A hacker tried to sell sensitive documents about a U.S. military drone on the dark web, says a cybersecurity firm. The material was allegedly stolen from an Air Force captain’s computer.
The documents, while not classified, included a maintenance course book about the MQ-9 Reaper drone and a list of airmen assigned to the drone’s maintenance unit. The drone, capable of operating by remote control or autonomously, is used by the U.S. military and other agencies to conduct surveillance, reconnaissance, and offensive strikes.
“While such course books are not classified materials on their own, in unfriendly hands, they could provide an adversary the ability to assess technical capabilities and weaknesses in one of the most technologically advanced aircrafts,” said Andrei Barysevich from Recorded Future, the U.S.-based threat intelligence group that first identified the advertisement.
Law enforcement agencies are investigating the breach, according to the group.
“We’re aware of the reporting and there is an investigation into the incident,” Erika Yepsen, an Air Force spokeswoman told the Wall Street Journal.
Just last month, Chinese hackers allegedly stole large amounts of sensitive information from a U.S. Navy contractor, including plans to build a supersonic anti-ship missile. Officials said the Defense Department’s inspector general was investigating the major breach, reported the Journal.
Researchers from Recorded Future’s Insikt Group monitoring the dark web—an area of the world wide web that is not easily accessible to the public—identified the hacker’s listing on June 1. They made contact with the buyer to discuss the potential purchase and were able to verify the authenticity of the documents after weeks of communications.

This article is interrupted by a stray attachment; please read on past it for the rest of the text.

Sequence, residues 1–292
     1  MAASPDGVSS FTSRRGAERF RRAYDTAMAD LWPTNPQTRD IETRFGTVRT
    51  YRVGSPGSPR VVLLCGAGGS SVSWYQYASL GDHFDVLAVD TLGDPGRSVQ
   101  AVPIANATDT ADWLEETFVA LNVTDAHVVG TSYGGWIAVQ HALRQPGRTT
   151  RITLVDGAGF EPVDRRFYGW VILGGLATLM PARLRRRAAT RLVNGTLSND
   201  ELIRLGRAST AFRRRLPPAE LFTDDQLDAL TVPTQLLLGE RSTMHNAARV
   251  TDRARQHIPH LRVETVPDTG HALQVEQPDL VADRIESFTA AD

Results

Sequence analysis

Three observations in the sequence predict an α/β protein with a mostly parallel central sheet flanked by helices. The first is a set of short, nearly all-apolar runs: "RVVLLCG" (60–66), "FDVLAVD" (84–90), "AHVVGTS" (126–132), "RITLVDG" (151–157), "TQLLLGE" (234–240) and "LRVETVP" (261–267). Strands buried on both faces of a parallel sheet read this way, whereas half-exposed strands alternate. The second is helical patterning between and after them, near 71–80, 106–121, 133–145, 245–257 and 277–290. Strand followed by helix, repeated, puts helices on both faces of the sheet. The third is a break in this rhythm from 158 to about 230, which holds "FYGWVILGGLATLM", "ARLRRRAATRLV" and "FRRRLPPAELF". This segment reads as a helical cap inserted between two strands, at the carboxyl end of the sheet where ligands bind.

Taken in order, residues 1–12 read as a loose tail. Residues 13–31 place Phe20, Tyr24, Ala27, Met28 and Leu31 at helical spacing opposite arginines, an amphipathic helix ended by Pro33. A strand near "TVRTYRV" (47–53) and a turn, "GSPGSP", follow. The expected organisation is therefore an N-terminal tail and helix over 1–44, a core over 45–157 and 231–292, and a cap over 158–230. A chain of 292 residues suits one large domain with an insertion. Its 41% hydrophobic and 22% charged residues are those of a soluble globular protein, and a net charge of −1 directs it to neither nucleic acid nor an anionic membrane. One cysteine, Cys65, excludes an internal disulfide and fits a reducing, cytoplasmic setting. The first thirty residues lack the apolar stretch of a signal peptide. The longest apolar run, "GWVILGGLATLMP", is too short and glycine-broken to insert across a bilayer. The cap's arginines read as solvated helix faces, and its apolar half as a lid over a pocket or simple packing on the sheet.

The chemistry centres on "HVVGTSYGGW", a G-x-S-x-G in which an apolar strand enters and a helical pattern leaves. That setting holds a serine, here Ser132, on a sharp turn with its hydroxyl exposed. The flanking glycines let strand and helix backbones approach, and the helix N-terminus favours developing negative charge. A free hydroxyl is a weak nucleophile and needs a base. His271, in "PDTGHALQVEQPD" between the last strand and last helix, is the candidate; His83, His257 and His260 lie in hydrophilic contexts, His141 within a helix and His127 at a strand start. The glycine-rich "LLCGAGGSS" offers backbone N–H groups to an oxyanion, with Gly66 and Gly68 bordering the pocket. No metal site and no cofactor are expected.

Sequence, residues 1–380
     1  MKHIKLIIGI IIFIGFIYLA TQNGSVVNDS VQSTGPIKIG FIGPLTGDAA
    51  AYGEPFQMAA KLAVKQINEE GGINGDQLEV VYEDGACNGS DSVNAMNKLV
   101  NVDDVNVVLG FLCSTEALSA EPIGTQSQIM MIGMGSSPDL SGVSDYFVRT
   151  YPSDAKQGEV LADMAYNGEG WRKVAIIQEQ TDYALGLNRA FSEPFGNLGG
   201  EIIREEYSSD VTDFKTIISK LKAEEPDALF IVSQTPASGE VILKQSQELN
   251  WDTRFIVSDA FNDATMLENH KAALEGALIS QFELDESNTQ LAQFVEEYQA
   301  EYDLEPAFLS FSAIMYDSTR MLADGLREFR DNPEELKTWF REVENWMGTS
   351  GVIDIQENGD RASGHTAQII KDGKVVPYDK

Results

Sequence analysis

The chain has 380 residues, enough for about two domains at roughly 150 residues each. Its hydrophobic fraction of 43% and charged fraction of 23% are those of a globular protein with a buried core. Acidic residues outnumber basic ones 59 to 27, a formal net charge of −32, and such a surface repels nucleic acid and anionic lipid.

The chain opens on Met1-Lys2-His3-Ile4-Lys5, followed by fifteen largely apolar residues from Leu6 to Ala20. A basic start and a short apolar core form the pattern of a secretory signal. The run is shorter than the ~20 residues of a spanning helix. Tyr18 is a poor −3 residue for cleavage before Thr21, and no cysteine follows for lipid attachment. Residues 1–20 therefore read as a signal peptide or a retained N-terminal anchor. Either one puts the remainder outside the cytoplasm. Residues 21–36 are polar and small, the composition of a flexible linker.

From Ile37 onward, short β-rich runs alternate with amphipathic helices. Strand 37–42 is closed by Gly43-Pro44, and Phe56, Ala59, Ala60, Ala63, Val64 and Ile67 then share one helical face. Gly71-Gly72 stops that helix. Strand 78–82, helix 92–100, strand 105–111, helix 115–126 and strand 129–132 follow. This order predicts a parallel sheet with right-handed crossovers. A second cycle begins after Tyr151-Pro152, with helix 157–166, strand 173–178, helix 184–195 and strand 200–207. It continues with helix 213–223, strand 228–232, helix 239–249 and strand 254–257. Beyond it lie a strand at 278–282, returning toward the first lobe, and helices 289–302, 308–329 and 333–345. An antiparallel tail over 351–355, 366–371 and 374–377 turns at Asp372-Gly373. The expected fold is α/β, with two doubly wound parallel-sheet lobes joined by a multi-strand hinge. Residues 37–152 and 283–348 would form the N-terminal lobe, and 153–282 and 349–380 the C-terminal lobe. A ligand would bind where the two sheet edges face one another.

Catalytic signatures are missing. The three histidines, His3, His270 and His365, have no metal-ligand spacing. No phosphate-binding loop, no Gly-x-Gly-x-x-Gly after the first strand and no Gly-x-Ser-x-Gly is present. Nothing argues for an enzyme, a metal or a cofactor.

The hacker appeared to not know the value of the documents, asking for as little as $150. He also told researchers he enjoyed watching drone footage when he was not hunting for his next victim, the report said.
While hackers often sold sensitive personal information on the dark web, such as login details and financial information, researchers noted this was not the case for military material.
“It is incredibly rare for criminal hackers to steal and then attempt to sell military documents on an open market,” Barysevich said in his blog.
The hacker who acted alone allegedly accessed the officer’s computer by exploiting a vulnerability in Netgear routers. Two years ago, security analysts warned that Netgear routers were vulnerable to attack if users did not change the default FTP login details.
According to Barysevich, the hacker possessed “moderate technical skills,” and his apparently successful exploits were “a disturbing preview of what a more determined and organized group with superior technical and financial resources could achieve.”
The hacker also listed another set of military documents, including training materials on how to contain an improvised explosive device, tank platoon tactics, and a tank operation manual. Recorded Future said it did not know how the hacker obtained the material, but it appeared likely to have been stolen from the Pentagon or from a U.S. Army official.